Survey: US Oncologists Happy With Career, Very Happy

Nick Mulcahy

January 30, 2014

Overall career satisfaction is “high” among oncologists in the United States, according to a new survey published online this week in the Journal of Clinical Oncology.

The large majority of the 1117 oncologists who responded to the survey were satisfied with their career (82.5%) and choice of specialty (80.4%), report the authors, led by Tait Shanafelt, MD, Mayo Clinic, Rochester, Minnesota.

Those scores are unprecedented in the authors' experience.

"Notably, satisfaction with career and specialty choice among oncologists in our study (both > 80%) was the highest of any group of physicians we have studied," they write.

Dr. Shanafelt and his colleagues know the subject of job satisfaction well.

The team, which includes oncologists from a variety of major centers and the American Society of Clinical Oncology, has now conducted and published 5 large surveys of doctors about career satisfaction and burnout. Their 2012 study, which involved 7000 physicians in a variety of specialties, concluded that doctors suffer more burnout than other workers in the United States and was widely covered by major media.

There was one notable qualification about satisfaction in the new findings. Academics, who comprised about one third of the respondents, were happier than oncologists in private practice. Both measures of career satisfaction were lower for those in private practice relative to academic practice (all P < .006).

Nevertheless, the overall high level of satisfaction found in the new study is a well-earned reward for demanding work, the authors suggest.

"Oncologists work long hours, supervise the administration of highly toxic therapy, and are continually exposed to death and suffering," they write.

The new survey corroborates the authors' opinion about oncologists' long hours. The respondents said they worked an average of 57.6 hours per week and saw a mean of 52 outpatients per week.

Those long hours, especially when they are consumed by taking care of patients, may be an Achilles heel in the oncologists' otherwise solid body of satisfaction, the survey results suggest.

The number of hours devoted to direct patient care per week was the "dominant predictor of burnout," reported the authors.

About half (44.7%) of the respondents reported at least one symptom of burnout, a syndrome that includes emotional exhaustion and/or "depersonalization" (treating patients like objects).

The connection between patient care hours and burnout is "concerning…given the projected shortage in the supply of oncologists during the coming decades," the authors write.

The prevalence of burnout among oncologists in the new survey is higher but comparable to what was found in another recent survey.

The Medscape 2013 Physician Lifestyle Report found that 38% of oncologists experienced burnout (defined as having at least 1 symptom of loss of enthusiasm for work, feelings of cynicism, and a low sense of personal accomplishment).

This rate of burnout among oncologists was very similar to the overall average rate among all specialities (39.8%) in the Medscape survey.

Oncologists and critical care physicians were the only specialities in the Medscape survey that cited "compassion fatigue" in their top 3 stressors, observed Carol Peckham, who oversaw and published the survey in her former post as director of content at Medscape, and was asked to comment on physician surveys for this story.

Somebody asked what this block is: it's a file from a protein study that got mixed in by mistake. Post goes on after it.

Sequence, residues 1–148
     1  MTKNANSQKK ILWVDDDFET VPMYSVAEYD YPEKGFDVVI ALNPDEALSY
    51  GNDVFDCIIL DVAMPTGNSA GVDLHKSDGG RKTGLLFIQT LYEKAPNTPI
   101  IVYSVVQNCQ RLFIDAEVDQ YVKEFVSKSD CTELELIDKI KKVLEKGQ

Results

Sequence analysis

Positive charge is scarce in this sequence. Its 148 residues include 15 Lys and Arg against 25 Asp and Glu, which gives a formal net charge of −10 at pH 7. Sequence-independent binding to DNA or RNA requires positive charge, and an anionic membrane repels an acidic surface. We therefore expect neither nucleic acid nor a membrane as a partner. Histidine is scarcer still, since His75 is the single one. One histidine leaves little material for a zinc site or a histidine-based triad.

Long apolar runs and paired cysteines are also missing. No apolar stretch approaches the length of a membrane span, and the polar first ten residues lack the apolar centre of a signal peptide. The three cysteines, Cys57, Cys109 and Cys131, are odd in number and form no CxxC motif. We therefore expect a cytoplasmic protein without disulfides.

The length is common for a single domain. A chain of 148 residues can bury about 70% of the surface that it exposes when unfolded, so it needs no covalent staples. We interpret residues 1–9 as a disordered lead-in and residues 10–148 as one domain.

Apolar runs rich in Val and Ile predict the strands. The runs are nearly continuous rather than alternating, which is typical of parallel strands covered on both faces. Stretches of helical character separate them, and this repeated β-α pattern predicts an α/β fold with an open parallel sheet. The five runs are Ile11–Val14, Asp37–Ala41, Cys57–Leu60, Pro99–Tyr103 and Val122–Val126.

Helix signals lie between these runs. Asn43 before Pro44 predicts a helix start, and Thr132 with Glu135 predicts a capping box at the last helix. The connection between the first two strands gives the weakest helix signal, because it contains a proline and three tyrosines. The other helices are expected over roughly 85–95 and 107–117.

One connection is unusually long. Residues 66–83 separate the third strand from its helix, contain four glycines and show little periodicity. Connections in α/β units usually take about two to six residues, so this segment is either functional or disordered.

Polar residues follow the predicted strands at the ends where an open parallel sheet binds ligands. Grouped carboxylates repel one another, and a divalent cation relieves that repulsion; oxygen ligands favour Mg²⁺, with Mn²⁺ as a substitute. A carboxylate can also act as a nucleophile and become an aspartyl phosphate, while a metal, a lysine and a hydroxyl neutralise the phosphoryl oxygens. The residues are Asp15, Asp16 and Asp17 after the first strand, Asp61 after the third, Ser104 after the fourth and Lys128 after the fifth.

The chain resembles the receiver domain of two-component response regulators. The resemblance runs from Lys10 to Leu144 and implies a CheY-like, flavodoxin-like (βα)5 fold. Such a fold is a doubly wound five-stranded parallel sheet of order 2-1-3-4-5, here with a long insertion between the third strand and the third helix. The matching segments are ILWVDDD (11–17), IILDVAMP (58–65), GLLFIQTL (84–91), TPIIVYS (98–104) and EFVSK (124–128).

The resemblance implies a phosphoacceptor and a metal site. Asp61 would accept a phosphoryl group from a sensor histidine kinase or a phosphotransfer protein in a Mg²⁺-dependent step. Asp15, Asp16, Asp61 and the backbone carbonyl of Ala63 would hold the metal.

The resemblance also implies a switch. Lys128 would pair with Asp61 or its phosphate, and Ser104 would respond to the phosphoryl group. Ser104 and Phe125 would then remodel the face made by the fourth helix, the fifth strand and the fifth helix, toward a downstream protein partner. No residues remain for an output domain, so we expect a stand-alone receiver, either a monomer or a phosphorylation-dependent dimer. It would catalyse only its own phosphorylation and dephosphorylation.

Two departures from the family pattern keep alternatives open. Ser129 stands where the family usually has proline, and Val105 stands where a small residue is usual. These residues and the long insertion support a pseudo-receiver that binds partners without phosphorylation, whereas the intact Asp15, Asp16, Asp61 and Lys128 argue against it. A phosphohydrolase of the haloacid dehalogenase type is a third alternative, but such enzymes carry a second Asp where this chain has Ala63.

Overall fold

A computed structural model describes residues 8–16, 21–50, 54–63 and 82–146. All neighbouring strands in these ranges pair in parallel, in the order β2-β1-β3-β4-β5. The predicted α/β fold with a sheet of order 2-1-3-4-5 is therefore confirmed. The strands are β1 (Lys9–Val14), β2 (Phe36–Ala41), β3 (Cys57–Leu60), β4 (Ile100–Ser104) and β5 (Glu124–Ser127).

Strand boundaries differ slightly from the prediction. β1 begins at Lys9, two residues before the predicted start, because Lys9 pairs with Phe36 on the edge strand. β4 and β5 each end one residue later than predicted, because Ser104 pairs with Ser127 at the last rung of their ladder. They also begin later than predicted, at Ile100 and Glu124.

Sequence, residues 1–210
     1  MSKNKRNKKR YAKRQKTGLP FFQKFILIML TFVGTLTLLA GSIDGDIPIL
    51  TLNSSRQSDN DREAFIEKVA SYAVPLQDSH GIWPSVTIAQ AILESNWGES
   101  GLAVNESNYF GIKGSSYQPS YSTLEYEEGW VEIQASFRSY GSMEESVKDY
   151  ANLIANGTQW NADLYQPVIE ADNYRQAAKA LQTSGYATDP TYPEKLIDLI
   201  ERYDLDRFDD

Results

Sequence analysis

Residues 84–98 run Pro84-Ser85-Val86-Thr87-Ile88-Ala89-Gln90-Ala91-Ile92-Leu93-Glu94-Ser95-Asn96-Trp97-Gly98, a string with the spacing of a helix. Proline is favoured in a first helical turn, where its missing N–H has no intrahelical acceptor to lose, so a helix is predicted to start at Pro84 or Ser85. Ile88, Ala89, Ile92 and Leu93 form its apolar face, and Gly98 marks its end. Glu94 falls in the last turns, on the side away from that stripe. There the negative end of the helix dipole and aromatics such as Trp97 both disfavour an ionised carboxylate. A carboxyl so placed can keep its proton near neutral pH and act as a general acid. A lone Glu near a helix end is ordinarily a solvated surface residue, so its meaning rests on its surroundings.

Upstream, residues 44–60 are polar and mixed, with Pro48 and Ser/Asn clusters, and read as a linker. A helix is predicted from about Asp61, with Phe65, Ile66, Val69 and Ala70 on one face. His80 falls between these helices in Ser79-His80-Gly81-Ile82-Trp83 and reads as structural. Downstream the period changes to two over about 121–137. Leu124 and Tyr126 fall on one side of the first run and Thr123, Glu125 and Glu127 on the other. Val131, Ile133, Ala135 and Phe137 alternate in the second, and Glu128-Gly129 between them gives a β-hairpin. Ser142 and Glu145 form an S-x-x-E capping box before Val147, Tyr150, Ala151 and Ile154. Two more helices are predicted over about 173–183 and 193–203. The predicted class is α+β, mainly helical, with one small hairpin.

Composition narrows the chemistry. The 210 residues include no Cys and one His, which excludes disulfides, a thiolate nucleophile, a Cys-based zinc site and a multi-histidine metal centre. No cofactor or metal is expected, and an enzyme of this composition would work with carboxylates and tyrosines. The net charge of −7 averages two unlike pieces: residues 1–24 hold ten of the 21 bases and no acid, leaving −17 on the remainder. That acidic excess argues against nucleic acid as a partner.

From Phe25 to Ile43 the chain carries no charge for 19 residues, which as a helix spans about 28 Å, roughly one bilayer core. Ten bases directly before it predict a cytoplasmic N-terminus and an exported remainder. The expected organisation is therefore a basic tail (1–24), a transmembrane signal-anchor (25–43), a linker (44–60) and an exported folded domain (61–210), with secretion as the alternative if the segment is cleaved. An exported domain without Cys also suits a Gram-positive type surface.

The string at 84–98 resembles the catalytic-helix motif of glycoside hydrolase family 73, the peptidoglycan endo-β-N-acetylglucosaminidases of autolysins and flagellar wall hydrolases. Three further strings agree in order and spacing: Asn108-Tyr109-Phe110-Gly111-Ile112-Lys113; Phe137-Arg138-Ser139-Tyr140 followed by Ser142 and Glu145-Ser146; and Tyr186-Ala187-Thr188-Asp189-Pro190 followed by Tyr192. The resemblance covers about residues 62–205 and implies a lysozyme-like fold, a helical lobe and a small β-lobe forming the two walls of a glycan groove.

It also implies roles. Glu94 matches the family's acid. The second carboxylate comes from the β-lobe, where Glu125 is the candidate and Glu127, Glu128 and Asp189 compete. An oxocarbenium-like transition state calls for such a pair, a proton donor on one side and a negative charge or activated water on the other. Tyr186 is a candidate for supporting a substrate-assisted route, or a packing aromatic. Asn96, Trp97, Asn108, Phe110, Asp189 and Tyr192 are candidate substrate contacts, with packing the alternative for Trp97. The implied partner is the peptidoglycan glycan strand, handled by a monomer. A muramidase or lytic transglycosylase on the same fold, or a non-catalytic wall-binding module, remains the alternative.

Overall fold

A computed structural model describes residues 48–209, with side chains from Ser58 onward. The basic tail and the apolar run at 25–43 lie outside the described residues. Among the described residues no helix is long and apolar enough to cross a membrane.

The Medscape Physician Lifestyle Report 2014 was published this month. The focus of the survey this year is, "Do physicians lead healthy lives?"

Women Overrepresented

The survey participants were initially sent an email with a link to an online survey. They comprised ASCO members and were evenly matched in terms of men and women (1500 each) and had an even distribution by career stage.

The fact that 50% of the respondents ultimately turned out to be women might have caused the rate of reported burnout among oncologists to be a bit inflated in the new survey, observed Peckham to Medscape Medical News in an interview.

In the US, there are more male oncologists than females (65% vs 35%), she commented. "Women have a much higher burnout rate than men," Peckham said, citing the Medscape lifestyle survey and other research on physicians.

However, Dr. Shanafelt said that in various studies, including his new one, women have higher rates of burnout in univariate analyses. "But when you conduct the multivariate analysis, adjusting for age, it disappears," he said. The reason is that women oncologists are, on average, younger than men in the field, and age is a "dominant" factor in burnout, with young oncologists being more vulnerable for a variety of reasons.

What do the study authors do about job stress?

Study coauthor Quyen Chu, MD, MBA, from the Feist-Weiller Cancer Center at Louisiana State University Health Sciences Center in Shreveport, said in an email to Medscape Medical News that "I think about my family and concentrate on the positives and remind myself that I add value to my society. I also have a close social network with trusted colleagues that I can confide with. I should exercise more, but it's always the same thing...maybe tomorrow I'll get to it."

Interestingly, Dr. Chu's response about family somewhat mirrored the findings of the Medscape lifestyle survey. Roughly 85% of those respondents said that spending time with family was their number 1 pastime.

The authors and commentators have disclosed no relevant financial relationships.

The study was supported by the American Society of Clinical Oncology, the National Institutes of Health, and Mayo [Clinic] Department of Medicine Program on Physician Well-Being.

J Clin Oncol. 2014;32. Abstract

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